Curious move from Indians manager Sandy Alomar Jr. in the 7th inning: Zack Britton walked back-to-back hitters with two outs, bringing Josh Naylor to the plate. Naylor already had 5 hits in the series, but instead of letting the red-hot Naylor face Britton with his wavering command, Alomar went to lefty-killer Jordan Luplow. Aaron Boone then countered – as any of us would have – with a right-hander of his own. Of course, after everyone and their mother second-guessed Alomar for the move (because, duh), this happened:

The Indians took a lead into the ninth inning. Brad Hand had been a perfect 16-for-16 in save opportunities during the season. All good, right? Riiiiiight: Cleveland’s postseason woes continued as the Yankees battled to score two and take the lead. They didn’t hit the ball hard, but they made contact and that was enough to Urshela and AL batting champion D.J. LeMahieu to push the Yankees into the lead.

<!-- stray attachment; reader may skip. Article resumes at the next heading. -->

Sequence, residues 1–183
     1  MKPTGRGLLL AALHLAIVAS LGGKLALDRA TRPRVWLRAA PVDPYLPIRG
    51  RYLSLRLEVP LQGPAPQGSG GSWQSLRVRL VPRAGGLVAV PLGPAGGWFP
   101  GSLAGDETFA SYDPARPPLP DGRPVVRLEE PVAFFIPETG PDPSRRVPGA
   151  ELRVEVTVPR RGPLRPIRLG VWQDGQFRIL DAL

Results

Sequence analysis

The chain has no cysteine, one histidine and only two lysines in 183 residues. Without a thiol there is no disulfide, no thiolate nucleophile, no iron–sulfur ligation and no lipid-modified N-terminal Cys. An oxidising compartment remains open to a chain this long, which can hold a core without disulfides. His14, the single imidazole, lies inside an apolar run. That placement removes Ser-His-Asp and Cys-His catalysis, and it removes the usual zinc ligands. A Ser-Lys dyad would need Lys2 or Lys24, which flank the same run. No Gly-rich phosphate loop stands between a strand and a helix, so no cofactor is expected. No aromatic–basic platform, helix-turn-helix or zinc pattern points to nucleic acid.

Aroldis Chapman was on in the ninth, and the Indians lost their 10th consecutive postseason game when facing elimination. All I can say is, I’m hopping on the bandwagon now for a Twins versus Indians playoff series in 2021. I don’t know how to make it happen, I just know it has to happen.

TC Zencka

TC Zencka contributes regularly to Pitcher List, and MLB Trade Rumors. Come say hi on Twitter.

One response to “Playoff Recap, Late Games From 9/30”

  1. theKraken says:

    Thanks for the write-ups.

    I am happy to see TOR out as they don’t belong here. All we have left is CIN and FLA and then we will have a real playoff field-ish. Sure, I get that the Astro and Brewers are fringe teams, but they at least have legit rosters and try to compete annually. What would the playoffs be without the Astros?